Archaeologists date prehistoric timber structures
A research team has successfully dated four prehistoric water wells in Germany, the oldest known timber constructions in the world, built by the first central European agricultural civilization.
Berlin: A research team has successfully dated four prehistoric water wells in Germany, the oldest known timber constructions in the world, built by the first central European agricultural civilization.
Researchers used the dendrochronology or growth ring dating technique to ascertain the age of the wells, which were excavated in the Greater Leipzig region. They were built by the Linear Pottery culture, which existed from roughly 5,600-4,900 BC.
The team, led by Willy Tegel and Dietrich Hakelberg from Institute of Forest Growth of the University of Freiburg, Germany, offers a new insight into prehistoric technology, the journal Public Library of Science ONE reports.
The four early Neolithic wells were constructed from oak wood. Besides timber, many other waterlogged organic materials, such as plant remains, wooden artefacts, bark vessels, and bast fibre cords, as well as an array of richly decorated ceramic vessels, have survived for millennia, hermetically sealed below groundwater level.
The tests revealed that the wood comes from massive old oak trees felled by early Neolithic farmers with stone adzes (a tool similar to an axe) between 5,206 and 5,098 BC, according to a Freiburg statement.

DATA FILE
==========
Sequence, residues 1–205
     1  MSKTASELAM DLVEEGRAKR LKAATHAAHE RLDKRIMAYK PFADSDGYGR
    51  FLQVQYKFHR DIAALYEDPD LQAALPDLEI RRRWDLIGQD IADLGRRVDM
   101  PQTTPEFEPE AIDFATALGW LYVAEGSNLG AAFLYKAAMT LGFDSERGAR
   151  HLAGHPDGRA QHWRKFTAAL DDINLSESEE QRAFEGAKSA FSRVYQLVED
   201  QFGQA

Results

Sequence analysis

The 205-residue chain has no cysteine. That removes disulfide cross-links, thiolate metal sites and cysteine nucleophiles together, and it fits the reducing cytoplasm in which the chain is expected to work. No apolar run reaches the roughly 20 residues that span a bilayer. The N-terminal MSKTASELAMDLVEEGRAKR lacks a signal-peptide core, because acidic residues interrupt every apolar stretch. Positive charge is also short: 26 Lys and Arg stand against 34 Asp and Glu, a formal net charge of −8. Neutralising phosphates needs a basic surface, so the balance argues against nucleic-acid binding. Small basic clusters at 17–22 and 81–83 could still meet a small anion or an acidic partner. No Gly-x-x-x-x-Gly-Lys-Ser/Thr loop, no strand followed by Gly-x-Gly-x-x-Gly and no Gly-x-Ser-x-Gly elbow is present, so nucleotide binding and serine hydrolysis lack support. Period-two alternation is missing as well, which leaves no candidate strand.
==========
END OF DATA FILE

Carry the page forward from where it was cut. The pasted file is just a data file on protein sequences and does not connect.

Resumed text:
Using the state-of-the-art laser scanning technology, the scientists collected data on the timbers and tool marks and documented the highly developed woodworking skills of the early Neolithic settlers.
The well-preserved tool marks and timber joints testify to unexpectedly sophisticated timber construction techniques.
In the course of the sixth millennium BC, the nomadic hunting and gathering lifestyle gave way to a sedentary lifestyle with agriculture and stock breeding in central Europe. This break in the history of humankind has been termed the "Neolithic revolution".
A sedentary lifestyle required permanent housing, and houses are inconceivable without a developed woodworking technology -- in other words, the first farmers were also the first carpenters.
Until now, however, archaeologists have only succeeded in unearthing the soil marks left by their houses.